Climate Change and Variability: Map of Protected and Agricultural Regions in South Central Tanzania



  • Britta Schumacher | Department of Geography, MA/PhD Student
  • Vania Wang, MPH | Department of Geography, PhD Student

Description of the study map and research project

The following map depicts the study area for a research project titled, Farmer perceptions of climate change and variability in villages adjacent to the Udzungwa Mountains National Park, Tanzania. This project takes place in three villages—Magombera, Mang’ula A and Msosa—in south central Tanzania. Magombera and Mang’ula A Villages lie to the east, and Msosa Village to the north west of the Udzungwa Mountains National Park. The park spans over 1,900 square kilometers and is one of only a few areas with protected status within the Eastern Arc Mountains of Tanzania, conserving and supporting biodiversity and endemism within the Eastern Afromontane Biodiversity Hotspot. These mountains are globally renowned for their high concentrations of endemic species and biodiversity (Bunting et al., 2011; Burgess et al., 2007) and stretch from the Taita Hills of Kenya, southward to the Mahenges of Tanzania (Dinesen, Lehmberg, Rahner, & Fjeldså, 2001). These forests are unparalleled in importance for the preservation of biodiversity and endemicity on the African continent (Dinesen et al., 2001; Topp-Jørgensen, Reinhardt Nielsen, Marshall, & Pedersen, 2009).

According to recent studies, these mountains are under increasing threat, resulting from the proximity of tens of thousands of smallholder farmers to the mountains (Burgess et al., 2007; Cordeiro et al., 2007; Harrison, 2006; Rovero, Mtui, Kitegile, & Nielsen, 2012). Should climate change shift the viability of local farming livelihoods, which support 96 percent of individuals in the area, it is likely that farmers will turn to the park for resources (Harrison, 2006).

This project aims to understand the environmental, agronomic, and climatic perceptions of smallholder farmers who live adjacent to the Udzungwa Mountains National Park. Considering the conservation value of this region, it is important to demonstrate how farmers here perceive environmental, climatic, and livelihood changes, to begin understanding potential future impacts and conservation-livelihood strategies. Increasing system resilience here will not only improve smallholder livelihoods, but also ensure future forest health. The following sections show a map of this area and provide brief descriptions of each of the study villages.

Study map

Figure 1: Study Sites Map

Village Descriptions

Magombera Village


Figure 2

Magombera Village (Figure 2) lies at 36°, 56” east; 7°, 49” south on the Kilombero Floodplain in the Kilombero District of the Morogoro Region, just north of the Magombera Forest. This small forest is one of the last remaining tropical lowland forest fragments between the Udzungwas and the Selous Game Reserve, a protected area of exceptional conservation value in south-eastern Tanzania (Gillingham & Lee, 2018). Magombera Village consists of three small and isolated settled areas, interspersed with sparse vegetation, household bustanis (gardens) where vegetables are grown, and small houses constructed primarily of wattle and daub (stick frames plastered with mud) with thatched or corrugated rooves. Most villagers rely primarily on subsistence, rainfed agriculture as their primary livelihood strategy, though many partake in alternative strategies (e.g., livestock rearing, weaving, brewing) to supplement farming.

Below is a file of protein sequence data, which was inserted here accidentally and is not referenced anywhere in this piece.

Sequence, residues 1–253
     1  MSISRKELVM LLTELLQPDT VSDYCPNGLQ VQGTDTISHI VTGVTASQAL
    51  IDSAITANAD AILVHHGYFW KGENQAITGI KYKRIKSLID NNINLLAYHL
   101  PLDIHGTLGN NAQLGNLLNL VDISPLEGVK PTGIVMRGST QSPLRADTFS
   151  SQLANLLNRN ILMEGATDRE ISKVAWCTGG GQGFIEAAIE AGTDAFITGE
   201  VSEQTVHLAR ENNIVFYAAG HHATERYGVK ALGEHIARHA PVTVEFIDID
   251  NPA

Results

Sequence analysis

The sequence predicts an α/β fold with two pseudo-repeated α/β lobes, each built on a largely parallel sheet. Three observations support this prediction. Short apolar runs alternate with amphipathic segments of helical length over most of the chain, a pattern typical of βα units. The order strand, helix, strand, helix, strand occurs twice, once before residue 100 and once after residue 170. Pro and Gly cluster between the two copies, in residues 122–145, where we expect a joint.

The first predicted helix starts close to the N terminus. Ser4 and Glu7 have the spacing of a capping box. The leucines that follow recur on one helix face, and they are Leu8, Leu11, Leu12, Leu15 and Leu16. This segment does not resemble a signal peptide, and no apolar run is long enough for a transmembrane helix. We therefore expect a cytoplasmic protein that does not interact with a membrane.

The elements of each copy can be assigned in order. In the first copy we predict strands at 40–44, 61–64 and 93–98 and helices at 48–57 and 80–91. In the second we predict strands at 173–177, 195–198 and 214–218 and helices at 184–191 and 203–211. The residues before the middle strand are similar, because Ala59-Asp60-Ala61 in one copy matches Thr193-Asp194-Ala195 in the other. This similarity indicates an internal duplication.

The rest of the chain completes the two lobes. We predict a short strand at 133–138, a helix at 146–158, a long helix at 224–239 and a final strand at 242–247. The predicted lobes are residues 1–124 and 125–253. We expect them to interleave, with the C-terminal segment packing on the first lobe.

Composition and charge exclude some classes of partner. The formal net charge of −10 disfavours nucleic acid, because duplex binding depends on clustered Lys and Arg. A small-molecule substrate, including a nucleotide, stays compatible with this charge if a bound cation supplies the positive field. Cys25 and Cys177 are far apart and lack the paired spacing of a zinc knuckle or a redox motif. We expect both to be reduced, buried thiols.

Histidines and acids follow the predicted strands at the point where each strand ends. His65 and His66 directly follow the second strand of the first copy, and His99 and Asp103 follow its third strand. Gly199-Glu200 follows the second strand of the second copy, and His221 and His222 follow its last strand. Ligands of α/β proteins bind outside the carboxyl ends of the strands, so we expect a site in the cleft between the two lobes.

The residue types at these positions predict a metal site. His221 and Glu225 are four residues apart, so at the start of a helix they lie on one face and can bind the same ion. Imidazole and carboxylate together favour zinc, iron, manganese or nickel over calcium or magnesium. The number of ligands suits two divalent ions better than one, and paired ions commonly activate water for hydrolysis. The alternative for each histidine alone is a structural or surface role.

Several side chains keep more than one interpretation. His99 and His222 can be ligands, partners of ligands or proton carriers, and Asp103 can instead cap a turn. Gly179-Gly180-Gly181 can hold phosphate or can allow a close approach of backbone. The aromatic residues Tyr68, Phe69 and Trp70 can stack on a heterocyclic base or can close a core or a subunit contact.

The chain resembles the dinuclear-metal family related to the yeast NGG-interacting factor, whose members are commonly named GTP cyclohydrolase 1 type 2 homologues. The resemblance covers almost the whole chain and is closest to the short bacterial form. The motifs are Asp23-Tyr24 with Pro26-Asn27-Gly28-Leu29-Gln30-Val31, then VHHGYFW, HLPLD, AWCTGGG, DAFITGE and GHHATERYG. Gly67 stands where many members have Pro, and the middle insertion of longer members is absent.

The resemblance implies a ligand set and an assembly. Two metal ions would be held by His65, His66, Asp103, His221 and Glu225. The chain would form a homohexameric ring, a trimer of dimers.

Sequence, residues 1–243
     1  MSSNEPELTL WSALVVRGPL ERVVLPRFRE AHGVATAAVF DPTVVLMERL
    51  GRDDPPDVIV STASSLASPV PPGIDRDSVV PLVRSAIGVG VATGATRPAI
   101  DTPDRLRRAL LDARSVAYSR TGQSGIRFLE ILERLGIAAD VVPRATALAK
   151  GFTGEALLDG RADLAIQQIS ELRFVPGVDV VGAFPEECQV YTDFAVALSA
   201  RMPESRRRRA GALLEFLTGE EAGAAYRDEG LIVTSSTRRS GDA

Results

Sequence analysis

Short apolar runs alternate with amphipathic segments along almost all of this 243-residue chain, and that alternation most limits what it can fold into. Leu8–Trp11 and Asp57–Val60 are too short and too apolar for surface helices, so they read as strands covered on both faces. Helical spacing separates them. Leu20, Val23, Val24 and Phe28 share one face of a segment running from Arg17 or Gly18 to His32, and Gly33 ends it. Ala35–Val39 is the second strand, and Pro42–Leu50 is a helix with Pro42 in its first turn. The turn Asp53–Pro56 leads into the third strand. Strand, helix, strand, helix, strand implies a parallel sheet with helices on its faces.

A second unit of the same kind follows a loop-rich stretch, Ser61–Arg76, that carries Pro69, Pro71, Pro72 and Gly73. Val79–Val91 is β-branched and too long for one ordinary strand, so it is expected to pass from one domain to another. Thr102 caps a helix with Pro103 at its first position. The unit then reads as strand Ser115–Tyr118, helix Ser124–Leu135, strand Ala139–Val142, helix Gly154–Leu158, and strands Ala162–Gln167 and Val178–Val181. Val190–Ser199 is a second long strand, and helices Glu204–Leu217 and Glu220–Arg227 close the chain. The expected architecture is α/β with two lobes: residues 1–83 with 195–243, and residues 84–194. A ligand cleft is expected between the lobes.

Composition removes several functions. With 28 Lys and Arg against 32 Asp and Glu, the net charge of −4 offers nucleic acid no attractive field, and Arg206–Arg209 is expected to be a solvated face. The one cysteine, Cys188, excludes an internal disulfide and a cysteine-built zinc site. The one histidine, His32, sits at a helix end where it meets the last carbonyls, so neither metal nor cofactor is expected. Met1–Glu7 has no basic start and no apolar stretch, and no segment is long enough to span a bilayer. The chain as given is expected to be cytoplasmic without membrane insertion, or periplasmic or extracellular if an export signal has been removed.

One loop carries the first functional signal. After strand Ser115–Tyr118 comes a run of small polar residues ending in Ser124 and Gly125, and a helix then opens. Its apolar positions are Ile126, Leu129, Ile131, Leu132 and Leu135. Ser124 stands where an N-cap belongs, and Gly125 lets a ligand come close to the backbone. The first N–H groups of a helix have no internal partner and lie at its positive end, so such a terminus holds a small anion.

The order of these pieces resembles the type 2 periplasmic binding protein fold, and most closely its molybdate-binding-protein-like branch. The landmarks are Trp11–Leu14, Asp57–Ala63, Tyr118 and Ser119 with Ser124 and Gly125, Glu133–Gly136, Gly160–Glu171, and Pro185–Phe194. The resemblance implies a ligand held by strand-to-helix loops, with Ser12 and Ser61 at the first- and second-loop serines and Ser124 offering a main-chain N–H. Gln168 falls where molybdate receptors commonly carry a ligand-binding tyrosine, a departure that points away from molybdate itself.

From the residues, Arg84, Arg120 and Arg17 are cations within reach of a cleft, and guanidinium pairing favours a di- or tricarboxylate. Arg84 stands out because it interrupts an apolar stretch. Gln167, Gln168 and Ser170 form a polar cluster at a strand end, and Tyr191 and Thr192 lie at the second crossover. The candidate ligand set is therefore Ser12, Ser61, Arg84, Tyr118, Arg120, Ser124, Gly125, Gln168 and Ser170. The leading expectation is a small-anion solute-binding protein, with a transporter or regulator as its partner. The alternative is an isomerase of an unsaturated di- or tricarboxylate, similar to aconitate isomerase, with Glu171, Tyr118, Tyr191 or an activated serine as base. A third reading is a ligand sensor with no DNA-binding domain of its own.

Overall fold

The village lies in the lowlands, allowing many farmers to grow rice on an annual basis. Elevation, human-made wetland rice paddies, and continuously saturated soils in some parts of Magombera Village provide an opportunity to grow rice throughout seasons when rice production is impossible in other nearby villages, attracting additional in-migrants to Magombera. Agroecologically, the village lies at the transition zone between rice and sugar cane. These crops are grown as monocultural stands in the large (> 1 acre) shambas (plots) that farmers keep on the outskirts of the settled areas. Many farmers are out-growers for the commercial Illovo Sugar Cane operation.

Mang’ula A Village


Figure 3

Mang’ula A (Figure 3) lies at 36o, 54” east; 7o, 50” south on the Kilombero Floodplain, directly to the east of the Udzungwa Mountains National Park entrance. The village is large, with one main settlement. The settlement consists of mostly homes, kitchens and latrines, many of which are made of brick or wattle and daub, occasionally covered stucco, with corrugated or thatched rooves. Many villagers rely on a mixed wage-subsistence livelihood, where farming is supplemented by other livelihood strategies that produce liquid assets (e.g., owning a small business, participating in microfinance schemes).

The village lies at the transition zone between rice, sugarcane and maize. Many fields are inundated and appropriate for rice production seasonally, during the long, masika, rains which occur from March to May, but some farmers own or rent land in the lowlands, where rice farming is appropriate all year.

Msosa Village


Figure 4

Msosa Village (Figure 4) lies at 36° 31” east; 7°, 30” south on the northwestern edge of the UMNP. The village has two settlements. The first settlement lies to the west of the Great Ruaha River, and the second along the smaller Msosa River, both set back from the rivers’ edge by agricultural fields. The settlements are sparse, with very little vegetation, consisting mostly of homes made from fired or mud brick or plaster with corrugated or thatched rooves, latrines, kitchens, and communal, raised stalls for storing onions. Most villagers rely on farming as their main livelihood strategy, though many partake in alternative strategies (e.g., retail shops, livestock keeping) to supplement their livelihoods.

Msosa village experiences unimodal rains but relies on gravity and pump irrigation for farming. Unlike Mang’ula A and Magombera, however, villagers primarily grow crops to sell in major markets, not for subsistence use. Primary commodities include onions, beans, and ground nuts. Farmers often hold and store cash crops in communal storage facilities for sale during the thin months of April and May, when prices are higher and food supplies are low.


In text

  • Bunting, G., Burgess, N., Carret, P., Silva, N. De, Gordon, I., Jbour, S., … Woldemariam, T. (2011). Ecosystem Profile: Eastern Afromontane Biodiversity Hotspot.